It's about time...

Newcomer introductions, personal anecdotes, caregiver issues, lab results, and n=1 experimentation.
TelopeaBlue
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It's about time...

Postby TelopeaBlue » Mon Jul 15, 2019 6:30 pm

...to introduce myself. I just checked my forum activity and have realized I have lurked for nearly a whole year. Too many times over that year I've wanted to jump in on a post but realized it would be butting in rudely without first saying hi.

I am a 58 y.o. E4/E4 female with (as far as I can tell) fully functioning cognitive abilities. My Apo E status I found out through 23&me, probably 2 years ago. I remember being unexpectedly shocked, since I thought I was pretty immune to the emotional impacts of the news as I was a biochemistry major (back in the pleistocene), have a PhD in molecular biology, and have spent my entire professional life in the biomedical sciences. Therefore, I have a very good toolkit for the intellectual understanding of the results; not so much the emotions. My first thoughts were "OMG, I'm going to be that lonley little old (demented) lady who is found alone dead in her house half eaten by her cats!!!"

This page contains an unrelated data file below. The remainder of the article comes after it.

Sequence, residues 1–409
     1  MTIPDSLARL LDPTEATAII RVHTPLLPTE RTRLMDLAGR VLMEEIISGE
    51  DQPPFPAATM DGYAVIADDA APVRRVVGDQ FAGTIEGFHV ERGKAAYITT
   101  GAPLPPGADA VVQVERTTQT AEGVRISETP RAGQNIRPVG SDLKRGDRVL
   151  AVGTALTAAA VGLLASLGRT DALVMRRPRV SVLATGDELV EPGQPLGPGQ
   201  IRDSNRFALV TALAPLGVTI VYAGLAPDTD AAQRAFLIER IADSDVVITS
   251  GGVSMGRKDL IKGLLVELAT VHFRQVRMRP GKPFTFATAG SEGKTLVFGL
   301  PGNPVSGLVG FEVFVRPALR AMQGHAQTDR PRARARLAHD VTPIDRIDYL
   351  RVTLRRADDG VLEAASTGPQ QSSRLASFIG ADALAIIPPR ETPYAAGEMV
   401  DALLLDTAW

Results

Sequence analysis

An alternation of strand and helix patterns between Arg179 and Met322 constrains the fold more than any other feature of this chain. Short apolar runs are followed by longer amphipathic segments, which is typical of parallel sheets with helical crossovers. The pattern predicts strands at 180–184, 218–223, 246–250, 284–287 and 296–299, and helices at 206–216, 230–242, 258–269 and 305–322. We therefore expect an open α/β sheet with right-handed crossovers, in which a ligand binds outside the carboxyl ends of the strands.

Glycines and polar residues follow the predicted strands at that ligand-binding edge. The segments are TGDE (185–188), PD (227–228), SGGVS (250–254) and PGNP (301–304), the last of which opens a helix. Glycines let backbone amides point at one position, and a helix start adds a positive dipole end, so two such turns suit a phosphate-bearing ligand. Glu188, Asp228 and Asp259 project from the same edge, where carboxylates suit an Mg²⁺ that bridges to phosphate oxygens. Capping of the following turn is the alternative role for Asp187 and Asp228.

I have since calmed down.

Thanks in part to this site, which I stumbled upon through the Wiki while searching for any links between E4/E4 and hypertension. Turns out that was one anomolous BP reading (it was 116F in the shade that day) and my BP is fine. I have browsed the Primer, which for me was more of a refresher of second year biochem (updated, of course a lot has happened since the pleistocene) than new material. But it does put it all in context.